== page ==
Listed 3 sub titles with search on: Information about the place
for destination: "SAMIKON
Information about the place (3)
Perseus Project index
The Princeton Encyclopedia of Classical Sites
A few km from Olympia. The ruins of the city have been identified
on a broad upland to the S of Mt. Makistos (or Lapithos). Inhabited by the Epeans
who named it Samos, and then by the Pylians, from whom it took the name Arene,
the city later passed to the Minii who called it Makistos; only under the Eleans
did it retake the original name of Samia or Samikon (cf. Paus. 5.6.1; Ptol. 4.80.12;
Strab. 8.148; Herod. 4.148). It was the seat of the religious confederation of
the six cities of Triphylia, and there was erected a Temple to Poseidon, whose
cult was greatly renowned. A vast wall enclosed the S, where two types of masonry
are found: polygonal blocks already in the 5th c. B.C., which were also used in
several towers; and a trapezoidal technique with squared face, perhaps dating
prior to the 3d c. B.C. In 1825, Fort Klidi (The Key), taking advantage of the
ancient foundations, was erected on the site. A tumulus with pottery from the
Middle Helladic period to Mycenaean II has been found at the NE base of the rocky
hill on which stands Klidi.
N. Bonacasa, ed.
This text is from: The Princeton encyclopedia of classical sites,
Princeton University Press 1976. Cited Nov 2002 from
Perseus Project URL below, which contains bibliography & interesting hyperlinks.
Greek & Roman Geography (ed. William Smith)
Samikon: Eth. Samikeus. A town of Triphylia in Elis, situated near
the coast about half-way between the mouths of the Alpheius and the Neda, and
a little north of the Anigrus. It stood upon a projecting spur of a lofty mountain,
which here approaches so near the coast as to leave only a narrow pass. From its
situation commanding this pass, it is probable that a city existed here from the
earliest times; and it was therefore identified with the Arene of Homer (Il. ii.
591, xi. 723), which the poet places near the mouth of the Minyeius, a river supposed
to be the same as the Anigrus. According to Strabo the city was originally called
Samos, from its being situated upon a hill, because this word formerly signified
heights, Samicum was at first the name of the fortress, and the same name was
also given to the surrounding plain. (Strab. viii. pp. 346, 347; Paus. v. 5. §
3.) Pausanias speaks (v. 6. § 1) of a city Samia, which he apparently distinguishes
from Samicum; but Samicum is the only place mentioned in history. Samicum was
occupied by the Aetolian Polysperchon against the Arcadians, and was taken by
Philip, B.C. 219. (Paus. v. 6. § 1; Polyb. iv. 77, 80.) The ruins of Samicurn
are found at Khaiaffa (written Chaiappa), which is only the name of the guarded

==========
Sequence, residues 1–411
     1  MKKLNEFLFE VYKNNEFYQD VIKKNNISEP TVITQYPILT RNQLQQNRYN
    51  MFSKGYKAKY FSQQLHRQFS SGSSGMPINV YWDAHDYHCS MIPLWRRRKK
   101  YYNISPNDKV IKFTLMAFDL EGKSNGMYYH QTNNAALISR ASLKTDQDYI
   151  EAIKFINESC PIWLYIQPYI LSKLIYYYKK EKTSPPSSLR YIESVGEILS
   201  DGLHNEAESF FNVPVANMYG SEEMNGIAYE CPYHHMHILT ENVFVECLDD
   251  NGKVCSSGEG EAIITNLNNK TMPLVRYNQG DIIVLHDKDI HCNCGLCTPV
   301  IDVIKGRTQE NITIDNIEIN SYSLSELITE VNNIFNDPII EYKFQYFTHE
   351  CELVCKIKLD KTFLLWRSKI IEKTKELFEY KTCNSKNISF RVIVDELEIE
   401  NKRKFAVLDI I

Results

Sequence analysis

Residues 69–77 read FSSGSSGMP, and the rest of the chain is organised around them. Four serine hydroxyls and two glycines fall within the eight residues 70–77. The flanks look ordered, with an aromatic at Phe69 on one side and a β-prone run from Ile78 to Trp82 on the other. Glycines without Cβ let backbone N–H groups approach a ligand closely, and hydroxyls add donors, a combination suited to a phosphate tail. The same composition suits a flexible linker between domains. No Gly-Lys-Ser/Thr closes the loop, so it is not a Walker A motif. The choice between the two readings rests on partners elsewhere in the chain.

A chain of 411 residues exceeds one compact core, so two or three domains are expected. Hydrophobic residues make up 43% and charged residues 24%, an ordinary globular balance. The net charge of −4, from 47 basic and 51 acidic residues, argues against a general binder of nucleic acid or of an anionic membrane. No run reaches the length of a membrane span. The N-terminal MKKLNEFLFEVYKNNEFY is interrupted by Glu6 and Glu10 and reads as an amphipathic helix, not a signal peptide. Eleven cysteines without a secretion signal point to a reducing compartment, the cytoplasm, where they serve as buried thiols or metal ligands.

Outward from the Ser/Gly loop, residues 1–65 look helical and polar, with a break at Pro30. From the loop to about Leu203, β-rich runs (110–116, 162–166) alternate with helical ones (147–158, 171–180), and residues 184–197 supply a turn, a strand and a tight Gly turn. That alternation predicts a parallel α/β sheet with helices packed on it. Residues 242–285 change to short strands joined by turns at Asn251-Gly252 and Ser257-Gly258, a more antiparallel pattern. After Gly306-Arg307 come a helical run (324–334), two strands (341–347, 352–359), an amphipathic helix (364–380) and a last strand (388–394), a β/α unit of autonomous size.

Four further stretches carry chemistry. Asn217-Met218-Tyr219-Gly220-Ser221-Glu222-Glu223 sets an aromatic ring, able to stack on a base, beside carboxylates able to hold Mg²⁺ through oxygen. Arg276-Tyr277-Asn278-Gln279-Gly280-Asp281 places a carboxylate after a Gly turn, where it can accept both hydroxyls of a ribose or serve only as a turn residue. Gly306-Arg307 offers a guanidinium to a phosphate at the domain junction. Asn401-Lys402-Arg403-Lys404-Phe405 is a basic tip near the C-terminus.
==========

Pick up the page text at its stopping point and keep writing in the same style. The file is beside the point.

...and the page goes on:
pass. The ruined walls are 6 feet thick, and about 1 1/2 mile in circumference.
They are of the second order of Hellenic masonry, and are evidently of great antiquity.
The towers towards the sea belong to a later age.
Near Samicumn upon the coast was a celebrated temple of the Samian
Poseidon, surrounded by a grove of wild olives. It was the centre of the religious
worship of the six Triphylian cities, all of whom contributed to its support.
It was under the superintendence of Macistus, the most powerful of the Triphylian
cities. (Strab. viii. pp. 344, 346, 347.) In a corrupt passage of Strabo this
temple is said to be 100 stadia equidistant from Lepreum and the Annius (tou Anniou);
for the latter name we ought to read Alpheius and not Anigrus, as some editors
In the neighbourhood of Samicum there were celebrated medicinal springs,
which were said to cure cutaneous diseases. Of the two lagoons which now stretch
along the coast, the larger, which extends as far as the mouth of the Alpheius,
begins at the northern foot of the hill upon which Samicum stands; the southern
extends along the precipitous sides of the hill, which were called in antiquity
the Achaean rocks. (Strab viii. p. 347.) The river Anigrus flows into the latter
of these lagoons, and from thence flows out into the sea. The lagoon is deep,
being fed with subterraneous sources; in summer it is said to be very fetid, and
the air extremely unwholesome. Strabo relates that the waters of the lake were
fetid, and its fish not eatable, which he attributes to the Centaurs washing their
wounds in the Anigrus. Pausanias mentions the same circumstances; and both writers
describe the efficacy of the water in curing cutaneous diseases. There were two
caves, one sacred to the Nymphs Anigrides (Anigrides, Paus.; Anigriades, Strab.),
and the other to the Atlantides; the former was the more important, and is alone
mentioned by Pausanias. It was in the cave of the Anigrides that the persons who
were going to use the waters first offered up their prayers to the Nymphs. (Strab.
viii. p. 346, seq.; Paus. v. 5. § § 7 - 11.) These two caves are still visible
in the rocks; but they are now accessible only by a boat, as they are immediately
above the surface of the lake. General Gordon, who visited these caverns in 1835,
found in one of them water distilling from the rock, and bringing with it a pure
This text is from: Dictionary of Greek and Roman Geography (1854) (ed. William Smith, LLD). Cited June 2004 from The Perseus Project URL below, which contains interesting hyperlinks
- Dictionary of Greek and Roman Geography (1854) (ed. William Smith, LLD)